You can’t go wrong with the basics. You could get fit with no other movements than the push-up, pull-up, and body weight squat if you really wanted to.
And if you moved things to the gym, the staple barbell exercises of deadlift, squat, and overhead press will take you about as far as you want to go. But beyond the physical aspects, there are mental and emotional factors that play into the quality of your training. To take things to the next level you need try new skills, go with unilateral training and challenge your dogma.
Workout To The Next Level
Try A New Skill
The Olympic Lifts (cleans and snatches) have done this for me. I really sucked at these lifts when I first started them. Now, I only “kinda” suck. 🙂 The challenge of learning a new skill increases the required focus for training.
How many times have you been in the middle of a bench press and thought about your laundry?
The treadmill is the primary offender here – if you can watch Oprah or read a magazine while you train, you are not demanding enough of your body to be “training”. To take your workouts to the next level, select a skill that you are not good at and then practice. Learn how to do double-under’s with the jump rope. Train towards your first muscle up. Take a fencing, jiu-jitsu, or swimming class.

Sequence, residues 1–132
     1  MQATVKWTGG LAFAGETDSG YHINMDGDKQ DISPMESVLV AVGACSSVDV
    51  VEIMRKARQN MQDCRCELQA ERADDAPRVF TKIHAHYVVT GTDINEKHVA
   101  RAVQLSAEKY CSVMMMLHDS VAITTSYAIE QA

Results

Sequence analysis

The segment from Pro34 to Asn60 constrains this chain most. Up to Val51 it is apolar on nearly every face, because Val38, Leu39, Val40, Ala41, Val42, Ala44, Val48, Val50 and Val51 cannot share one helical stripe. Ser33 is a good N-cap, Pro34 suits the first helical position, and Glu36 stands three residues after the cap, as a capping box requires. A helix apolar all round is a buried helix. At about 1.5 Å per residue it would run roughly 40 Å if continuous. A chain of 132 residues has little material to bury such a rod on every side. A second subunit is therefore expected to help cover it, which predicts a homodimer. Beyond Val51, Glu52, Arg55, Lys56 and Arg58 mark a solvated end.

Select a skill that you find difficult initially and enjoy the mental and physical benefits as you progress.
Movements using only one arm or leg at a time increase the demands on balance, core stability, and coordination. Think one-arm push ups and single leg squats (pistols). But also, consider the turkish get-up, suitcase deadlift, and one arm versions of the snatch, push press, and overhead squat. Be sure to work both sides equally and enjoy the boost to your workouts from unilateral training.
Challenge Your Dogma
You’ve all seen me rant against long slow cardio and single joint bodybuilding movements. Well guess what I’m considering adding to my training. . . single joint bodybuilding movements.
Because I haven’t done them in YEARS! Because I’m curious to see if I am really on the right path. And so I’m going to test and track.
I might try a bodybuilding style training program for 4 – 6 weeks and see what happens. Certainly nothing catastrophic is going to happen. And who knows, I might just learn something along the way.
Anyone who trains for a while runs the risk of hitting plateaus. Often times the rut is not due to physical limitations, but is the result of the lack of mental and emotional stimulation that was present at the beginning stages of training when it was all still shiny and new. To take things to the next level you have to shake things up.
Destroy your comfort zone barriers by trying new skills and challenging your dogma.